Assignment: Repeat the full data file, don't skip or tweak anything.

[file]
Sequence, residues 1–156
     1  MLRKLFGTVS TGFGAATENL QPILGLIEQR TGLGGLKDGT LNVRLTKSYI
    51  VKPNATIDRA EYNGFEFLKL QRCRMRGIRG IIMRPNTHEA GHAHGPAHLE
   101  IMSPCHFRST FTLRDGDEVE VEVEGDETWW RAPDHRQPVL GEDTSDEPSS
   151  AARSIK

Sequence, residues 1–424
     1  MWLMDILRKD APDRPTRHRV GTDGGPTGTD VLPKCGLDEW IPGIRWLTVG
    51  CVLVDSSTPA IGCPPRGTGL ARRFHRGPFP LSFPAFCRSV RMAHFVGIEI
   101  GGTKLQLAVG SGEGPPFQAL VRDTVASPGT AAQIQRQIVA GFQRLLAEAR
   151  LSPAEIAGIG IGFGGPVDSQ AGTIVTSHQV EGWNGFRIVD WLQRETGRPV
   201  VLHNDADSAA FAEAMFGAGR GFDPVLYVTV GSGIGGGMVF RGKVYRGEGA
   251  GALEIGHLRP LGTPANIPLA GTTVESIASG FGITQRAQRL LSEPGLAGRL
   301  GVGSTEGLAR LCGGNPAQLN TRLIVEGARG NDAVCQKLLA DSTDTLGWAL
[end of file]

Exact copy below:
Sequence, residues 1–156
     1  MLRKLFGTVS TGFGAATENL QPILGLIEQR TGLGGLKDGT LNVRLTKSYI
    51  VKPNATIDRA EYNGFEFLKL QRCRMRGIRG IIMRPNTHEA GHAHGPAHLE
   101  IMSPCHFRST FTLRDGDEVE VEVEGDETWW RAPDHRQPVL GEDTSDEPSS
   151  AARSIK

Sequence, residues 1–424
     1  MWLMDILRKD APDRPTRHRV GTDGGPTGTD VLPKCGLDEW IPGIRWLTVG
    51  CVLVDSSTPA IGCPPRGTGL ARRFHRGPFP LSFPAFCRSV RMAHFVGIEI
   101  GGTKLQLAVG SGEGPPFQAL VRDTVASPGT AAQIQRQIVA GFQRLLAEAR
   151  LSPAEIAGIG IGFGGPVDSQ AGTIVTSHQV EGWNGFRIVD WLQRETGRPV
   201  VLHNDADSAA FAEAMFGAGR GFDPVLYVTV GSGIGGGMVF RGKVYRGEGA
   251  GALEIGHLRP LGTPANIPLA GTTVESIASG FGITQRAQRL LSEPGLAGRL
   301  GVGSTEGLAR LCGGNPAQLN TRLIVEGARG NDAVCQKLLA DSTDTLGWAL